77BAEDAF-E6B8-44C6-B372-F1FAD911C587.jpeg

The ofrenda in Lampasas Hall is one of the three on campus that visitors can go to pay their respects to loved ones that have passed on. This year's display in Lampasas is dedicated to the Black and brown lives lost due to racism and violence.

In Lampasas Hall, flowers and sugar skulls rest among the photographs of Black and Brown lives lost at the hands of police violence. Between the photographs lie candles, colorful flowers and paper butterflies.

Despite a quiet fall semester, Día de Los Muertos celebration echos throughout San Marcos. Whether socially distanced on campus or in apartments around the city, spirits and the real world collide, as alters and ofrendas welcome back deceased loved ones.

Contrary to popular belief, Día de Los Muertos, or The Day of the Dead, is not a Mexican version of Halloween. Él Día de Los Muertos is a Mexican holiday celebrated Oct. 31-Nov. 2 and is viewed as a time when families connect with their deceased loved ones.

Families who celebrate create "ofrendas," or altars, as a way to guide their loved ones home to their living relatives for the celebration. Photos of relatives who have passed on are displayed on the ofrendas, along with flowers, candles, incense, sugar skulls, the relatives' favorite food and "papel picado", tissue paper with intricate designs. Toys are also displayed on ofrendas dedicated to children who have passed on.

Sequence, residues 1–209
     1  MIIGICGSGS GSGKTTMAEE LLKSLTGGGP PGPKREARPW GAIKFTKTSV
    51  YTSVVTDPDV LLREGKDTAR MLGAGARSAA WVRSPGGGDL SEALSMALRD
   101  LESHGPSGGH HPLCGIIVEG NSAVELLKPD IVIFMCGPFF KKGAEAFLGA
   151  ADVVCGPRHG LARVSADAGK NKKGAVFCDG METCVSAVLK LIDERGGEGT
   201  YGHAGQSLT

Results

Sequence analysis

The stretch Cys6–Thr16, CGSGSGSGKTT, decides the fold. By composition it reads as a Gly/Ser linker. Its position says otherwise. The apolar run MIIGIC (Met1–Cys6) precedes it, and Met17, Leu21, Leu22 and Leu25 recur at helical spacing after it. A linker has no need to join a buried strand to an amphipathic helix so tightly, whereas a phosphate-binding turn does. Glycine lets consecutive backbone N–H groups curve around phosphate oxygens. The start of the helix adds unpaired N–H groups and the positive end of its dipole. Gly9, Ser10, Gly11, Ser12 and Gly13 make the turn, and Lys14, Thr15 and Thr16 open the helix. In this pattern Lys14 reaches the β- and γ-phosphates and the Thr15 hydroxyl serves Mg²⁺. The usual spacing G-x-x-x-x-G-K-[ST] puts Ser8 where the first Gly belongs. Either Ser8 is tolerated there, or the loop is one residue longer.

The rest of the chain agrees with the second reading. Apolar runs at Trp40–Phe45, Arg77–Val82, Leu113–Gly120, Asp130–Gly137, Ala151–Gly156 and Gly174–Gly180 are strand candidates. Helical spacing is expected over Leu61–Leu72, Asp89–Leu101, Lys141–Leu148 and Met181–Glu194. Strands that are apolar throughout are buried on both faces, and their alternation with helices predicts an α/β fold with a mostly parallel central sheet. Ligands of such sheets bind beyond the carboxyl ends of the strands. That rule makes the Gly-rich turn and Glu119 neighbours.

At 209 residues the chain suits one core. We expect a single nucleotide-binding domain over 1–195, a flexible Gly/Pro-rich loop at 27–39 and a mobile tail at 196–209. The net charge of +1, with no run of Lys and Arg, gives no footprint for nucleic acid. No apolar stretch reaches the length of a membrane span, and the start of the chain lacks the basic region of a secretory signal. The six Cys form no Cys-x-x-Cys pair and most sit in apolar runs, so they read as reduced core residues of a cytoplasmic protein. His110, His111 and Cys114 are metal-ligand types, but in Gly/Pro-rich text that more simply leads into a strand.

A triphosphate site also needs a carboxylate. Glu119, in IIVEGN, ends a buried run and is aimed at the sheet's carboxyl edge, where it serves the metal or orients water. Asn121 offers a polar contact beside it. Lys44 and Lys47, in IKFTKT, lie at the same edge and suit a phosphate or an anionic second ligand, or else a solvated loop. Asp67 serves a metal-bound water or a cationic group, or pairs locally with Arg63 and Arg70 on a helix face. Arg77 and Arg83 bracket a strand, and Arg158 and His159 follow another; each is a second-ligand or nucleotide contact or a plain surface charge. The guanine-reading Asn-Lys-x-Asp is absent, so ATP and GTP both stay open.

This year, students can visit an ofrenda at Lampasas Hall, the first floor of the University Academic Center and at the Centro Cultural Hispano de San Marcos.

The ofrenda in Lampasas is dedicated to Black and Brown lives that have been lost to racism and violence this year. Honors Adviser and Coordinator of the ofrenda Michelle Sotolongo says it was important to show support by honoring the lives of loved ones regardless of race, culture or background.

"Unfortunately, when you belong to a community that lives these types of injustices, we share that commonality," Sotolongo said. "Showing support for each other during these moments is very important [be]cause there's a lot of stuff going on that can be very divisive. So let's come together on things where we know we can try to make a difference, educate ourselves and grow."

Sotolongo says she got the idea to dedicate the altar over the summer when the Honors College was looking for a way to show its support to students and faculty of color after the death of George Floyd. The altar's dedication is one part of the Honors College's commitment to amplify unheard voices and cultivate a diverse learning environment.

Sotolongo says it is also important during this time to increase the visibility of AfroLatinx students who are often left out of the conversation.

Sotolongo and one of her classmates set up an altar in Lampasas in the early 2000s when she was an undergraduate student. This year, Sotolongo wondered if it was worth it to set up one with fewer students on campus.

"There are students and people who still need a place to go. There [are] still lots of in-person classes," Sotolongo said. "So there are people, and we just have to let them know, 'Hey, we're open. This is here for you. You can take part in it.' It's something that could be done virtually, I guess, but it's not really the same."

Visitors can stop by the altar in Lampasas to learn more about the tradition and its origins and write the names of loved ones they would like to remember on a cutout of a Monarch butterfly to pin to the altar. The altar is open 8 a.m.-7 p.m. until Nov. 6.

Around the community, other students and faculty are creating their own ofrendas to honor their loved ones.